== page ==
The need for accurate asset information for large infrastructure managers (e.g. utility companies, Highways England, Network Rail, Environment Agency) is an essential enabler for the safe and efficient operation and maintenance of those assets and for decision support. However, owing to the nature and scale of the asset base in large infrastructure sectors, the asset object geometry held in these registers (often in GIS) is fairly simple. With the UK Government BIM mandate taking a whole life cycle portfolio approach across the sector, a significant opportunity exists for asset managers of large physical infrastructure to improve information management.
The difficulty that needs to be overcome is that a significant amount of legacy infrastructure assets already exists. Where not captured, changes to the existing infrastructure slowly degrade the quality of any data kept and its reliability for use in operations and maintenance planning. The approach of delivering and updating data directly from the construction process into asset systems through BIM should increase the trust in the data. But other initiatives, such as defining a consistent approach to effectively record and share information on buried assets, are important to ensure that this can occur1. The continuing challenge is to get industry to back these initiatives and help to fund and resource the activity required.
There is a connection between Smart City data and BIM data, both providing data about our built environment for further use in operations, maintenance and performance management 2. The ability to measure ‘in service’ performance and compare it to ‘as briefed’ and ‘as delivered’ assets is the single biggest opportunity to improve both asset cost and carbon performance, e.g. through condition-based maintenance.
Quite rightly, for the construction industry,the digital asset is becoming as important as the physical asset. This paradigm shift is in the process of transforming the sector. The data cannot be regarded as proprietary but needs to be passed on as accessible and trusted – cities won’t become smart if the data is not treated as such. Data handover should be considered as a life cycle component like any asset – ‘Would you handover an asset without an operating manual?’ For a geospatial professional, in the data sense this means handing over the semantics and metadata, ideally mapped to an ontology. This is no different to any data time series. A city cannot be smart if it can’t let the maintenance contracts which will keep it be smart.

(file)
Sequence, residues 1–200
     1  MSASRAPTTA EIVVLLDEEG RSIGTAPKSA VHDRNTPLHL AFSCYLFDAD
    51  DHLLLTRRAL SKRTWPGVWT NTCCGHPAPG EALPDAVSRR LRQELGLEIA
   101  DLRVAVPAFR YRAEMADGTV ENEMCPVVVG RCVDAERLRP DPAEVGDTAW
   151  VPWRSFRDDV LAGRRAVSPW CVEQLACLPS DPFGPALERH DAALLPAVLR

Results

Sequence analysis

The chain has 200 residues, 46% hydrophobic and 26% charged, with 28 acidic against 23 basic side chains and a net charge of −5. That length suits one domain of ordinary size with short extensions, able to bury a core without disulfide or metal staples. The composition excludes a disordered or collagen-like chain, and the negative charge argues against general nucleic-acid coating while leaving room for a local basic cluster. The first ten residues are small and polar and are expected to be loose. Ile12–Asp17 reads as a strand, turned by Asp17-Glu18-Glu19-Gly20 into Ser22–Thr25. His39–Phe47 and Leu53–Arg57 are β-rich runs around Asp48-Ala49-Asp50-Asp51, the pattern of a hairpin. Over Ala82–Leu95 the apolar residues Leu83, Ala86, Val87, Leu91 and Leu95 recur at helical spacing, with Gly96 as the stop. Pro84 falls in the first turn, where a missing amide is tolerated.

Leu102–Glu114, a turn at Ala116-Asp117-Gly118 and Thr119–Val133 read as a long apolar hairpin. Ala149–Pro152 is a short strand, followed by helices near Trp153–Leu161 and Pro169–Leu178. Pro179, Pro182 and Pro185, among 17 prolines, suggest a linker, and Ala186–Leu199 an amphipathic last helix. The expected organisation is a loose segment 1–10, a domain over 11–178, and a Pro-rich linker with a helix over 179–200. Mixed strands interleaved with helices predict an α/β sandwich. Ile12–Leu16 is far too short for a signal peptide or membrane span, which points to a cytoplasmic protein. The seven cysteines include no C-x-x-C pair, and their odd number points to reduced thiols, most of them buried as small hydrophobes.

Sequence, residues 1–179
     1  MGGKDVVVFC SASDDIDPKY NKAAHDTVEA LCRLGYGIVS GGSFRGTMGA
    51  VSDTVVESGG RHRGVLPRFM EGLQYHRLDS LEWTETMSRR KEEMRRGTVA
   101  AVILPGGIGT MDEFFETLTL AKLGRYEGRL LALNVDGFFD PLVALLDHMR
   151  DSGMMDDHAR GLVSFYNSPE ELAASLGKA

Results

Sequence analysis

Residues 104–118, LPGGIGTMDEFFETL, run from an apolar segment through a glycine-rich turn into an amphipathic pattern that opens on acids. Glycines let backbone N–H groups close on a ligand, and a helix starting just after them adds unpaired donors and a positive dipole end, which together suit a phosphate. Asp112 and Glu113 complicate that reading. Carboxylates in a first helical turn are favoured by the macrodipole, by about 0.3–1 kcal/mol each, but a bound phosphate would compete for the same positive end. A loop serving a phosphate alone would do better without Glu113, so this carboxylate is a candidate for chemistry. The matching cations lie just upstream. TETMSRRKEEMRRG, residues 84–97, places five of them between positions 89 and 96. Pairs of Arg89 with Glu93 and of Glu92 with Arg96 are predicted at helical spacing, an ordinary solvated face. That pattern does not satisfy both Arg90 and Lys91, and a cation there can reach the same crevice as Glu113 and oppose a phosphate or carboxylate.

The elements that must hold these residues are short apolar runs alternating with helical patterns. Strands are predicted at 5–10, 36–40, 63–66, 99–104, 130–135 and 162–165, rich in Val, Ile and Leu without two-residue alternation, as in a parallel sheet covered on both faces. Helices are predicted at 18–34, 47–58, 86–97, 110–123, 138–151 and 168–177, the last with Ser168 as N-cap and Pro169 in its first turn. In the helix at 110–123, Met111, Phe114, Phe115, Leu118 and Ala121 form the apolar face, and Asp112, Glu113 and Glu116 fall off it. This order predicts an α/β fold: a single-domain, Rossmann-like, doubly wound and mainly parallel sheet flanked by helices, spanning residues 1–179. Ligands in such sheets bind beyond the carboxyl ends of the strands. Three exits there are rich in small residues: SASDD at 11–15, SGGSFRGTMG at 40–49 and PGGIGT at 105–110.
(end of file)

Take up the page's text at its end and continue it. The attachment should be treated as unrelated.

The Internet of Things and Internet of Everything will play a major part in the way autonomous technologies will gather and use data to allow their operation. To be truly effective, these sensors will need to have a sense of place. Jim Plume refers to this combination of proprietary tools and open standards as the Integrated Digitally-Enabled Environment (IDEE), which affords us a comprehensive way of holding information about the natural and built environments in which these autonomous technologies will operate.
For the IDEE to be of value to us, we need a way of accessing that information as and when we need it. That leads to a set of facilitating technologies to enable the IDEE to operate:
- the Internet to transport the information;
- the semantic web to enable smart ways to find and retrieve information;
- geolocation technologies to enable searching based on geographic context;
- RFID3 with sensors to facilitate the Internet of Things to realise a sensate environment.
This may be the way in which the world of BIM could interact with the autonomous world of smart cities to create, for example, the future transport networks that can support autonomous vehicles, and indoor navigation that facilitates a better and safer experience for people moving through the urban environment.
Finally, there is a very human dimension to the rapid transformation of our lives into a more digital world. Evidence suggests that we are adapting more quickly than might be expected 4,5, and there will be undoubtedly both good and bad ramifications to this. For those involved in how the real world is represented in a virtual sense, this represents a serious responsibility over the next few years which must not be overlooked.
About this article
This article originally appeared in the 2016 National BIM Report. You can download your full, free copy of the report – 60 pages packed with this year’s National BIM Survey findings and an unrivalled range of insight and expertise when it comes to BIM implementation - right now.